In our study, it was found that there were knowledge lacunae with respect to the sources of infection; only 4.27% participants knew that all warm-blooded animals are the potential sources of infection. Majority knew only dog (90.5%) as the source of infection. These knowledge lacunae can cause negligence of bites by the other warm-blooded animals. This was improved with the health education to 74.35% of the participants knowing all the potential sources of infection. Knowledge about the need of wound washing was improved from 81.2% to 94% following the intervention. The false conceptions regarding the first aid measures such as application of irritants, herbal medicines, and tight bandages were solved following the intervention to the minimum to zero levels. Wound washing technique was not properly known by majority before the intervention, which was improved from 24% to 87.2%. Even though wound washing can help to reduce the chances of developing the disease and kills the virus, insufficient and improper technique will serve no much help. Knowledge regarding the routes and dosages of the ant rabies vaccination is crucial as they can advise the victims to adhere to the Regimen. In our study, the knowledge was found to be poor 4.3% and 9.4% which increased to 35.04 % and 52.1%, respectively. The attitude was changed positively toward the need of anti-rabies vaccinationamong pregnant women, repeated exposures and following bites from the immunized animals. The practices were also changed significantly among the participants following the health education; wound wash was given by majority (91.3%) of the participants to the animal bite victims, following the intervention. Hence, the intervention was found to be useful in filling up the gap in knowledge, changing the attitudes and the practices of the participants.
Similar findings were found in a study by Dasgupta et al.  on the effectiveness of health education on knowledge regarding rabies among health workers of West Bengal: The number of respondents giving correct responses to the knowledge questions regarding the rabies agent, the transmission, category of bites, management, dose, schedule, route, etc., was significantly improved following the health education. In a study by Kishore et al.  on the KAP assessment in health workers regarding rabies disease and its prevention in district Dehradun of Uttarakhand found that all the 162 health workers had heard about the disease and all knew about the major mode of spread. The knowledge regarding the first aid; 75.3% knew need and correct method of wound washing, 22% knew about need for antiseptics, which was much higher than the knowledge among our study participants as in our study, ASHA and AWW are also included along with ANMs. In a study by Tschopp et al.  on dog demography, animal bites management and rabies KAP in Eastern Ethiopia, showed that the source of infection was unknown by 25% of the respondents. Transmission route from animals to humans was thought to be through bites, saliva, milk, and/or meat consumption, while 37.5% did not know the route. Cure for rabies was said to be good disinfection of the bite wound, injection, and post-exposure prophylaxis (PEP). Knowledge about the number of PEP injections needed by a patient, 2 medical staff did not know, 2 said 2 injections, 2 said 14 injections, 4 said 17 injections, and 1 said 18 injections. Study by Nguyen et al.  on awareness of rabies prevention and control measures among public health workers in Northern Vietnam showed that overall knowledge was patchy. Important gaps in knowledge were identified particularly in relation to indications for rabies vaccine and rabies immunoglobulin and routes of exposure to rabies virus. One in 10 respondents did not know that rabies virus could be transmitted by the bite of an infected animal.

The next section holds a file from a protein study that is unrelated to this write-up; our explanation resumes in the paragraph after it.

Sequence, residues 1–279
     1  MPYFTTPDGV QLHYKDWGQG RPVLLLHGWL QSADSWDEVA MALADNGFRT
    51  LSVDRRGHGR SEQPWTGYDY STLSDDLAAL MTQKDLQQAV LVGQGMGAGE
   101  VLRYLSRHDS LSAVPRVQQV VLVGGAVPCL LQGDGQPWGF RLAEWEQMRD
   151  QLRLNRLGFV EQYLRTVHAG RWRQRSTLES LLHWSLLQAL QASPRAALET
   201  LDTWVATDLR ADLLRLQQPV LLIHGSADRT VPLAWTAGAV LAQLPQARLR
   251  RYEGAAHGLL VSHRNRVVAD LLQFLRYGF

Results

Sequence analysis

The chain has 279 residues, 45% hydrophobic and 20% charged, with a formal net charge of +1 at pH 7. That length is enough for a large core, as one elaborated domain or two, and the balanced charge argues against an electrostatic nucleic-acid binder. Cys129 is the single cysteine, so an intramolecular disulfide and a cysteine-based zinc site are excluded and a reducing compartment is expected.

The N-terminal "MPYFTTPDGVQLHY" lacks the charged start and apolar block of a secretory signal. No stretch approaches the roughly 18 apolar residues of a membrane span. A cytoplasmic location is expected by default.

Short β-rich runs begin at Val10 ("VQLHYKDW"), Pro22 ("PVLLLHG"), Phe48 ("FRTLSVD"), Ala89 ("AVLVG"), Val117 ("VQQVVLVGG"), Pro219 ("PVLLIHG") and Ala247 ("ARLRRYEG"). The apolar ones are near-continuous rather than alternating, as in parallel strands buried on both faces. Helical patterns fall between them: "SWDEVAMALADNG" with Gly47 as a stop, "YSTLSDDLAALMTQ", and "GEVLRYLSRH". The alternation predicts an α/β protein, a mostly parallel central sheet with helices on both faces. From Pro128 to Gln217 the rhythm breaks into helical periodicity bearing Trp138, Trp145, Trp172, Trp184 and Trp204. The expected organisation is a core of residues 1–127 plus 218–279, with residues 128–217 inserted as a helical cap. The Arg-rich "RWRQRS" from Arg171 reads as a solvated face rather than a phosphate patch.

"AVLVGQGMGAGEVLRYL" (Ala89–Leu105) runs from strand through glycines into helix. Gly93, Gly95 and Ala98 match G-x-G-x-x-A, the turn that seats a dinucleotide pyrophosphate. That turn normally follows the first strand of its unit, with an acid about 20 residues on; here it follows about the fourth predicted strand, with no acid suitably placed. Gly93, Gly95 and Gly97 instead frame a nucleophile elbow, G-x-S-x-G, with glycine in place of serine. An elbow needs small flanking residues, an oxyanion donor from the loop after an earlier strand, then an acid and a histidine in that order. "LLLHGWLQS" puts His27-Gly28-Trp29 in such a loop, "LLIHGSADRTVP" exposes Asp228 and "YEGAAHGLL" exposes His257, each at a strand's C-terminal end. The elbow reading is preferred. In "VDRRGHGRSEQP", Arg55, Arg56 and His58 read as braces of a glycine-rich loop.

This study was carried out in a rural field practice area, as the need and role of the grass root workers are more in rural areas where majority of rabies deaths occur in India. This study mainly focuses on improving the knowledge, changing the attitude and practices among all the grass root workers such as ASHA, AWW, and ANMs who act as the first point of contact and play an important role in management cycle. Since the majority of the studies were done among the medical students, nursing staffs, and general practitioners, the results cannot be compared to their qualifications and role in management cycle is different.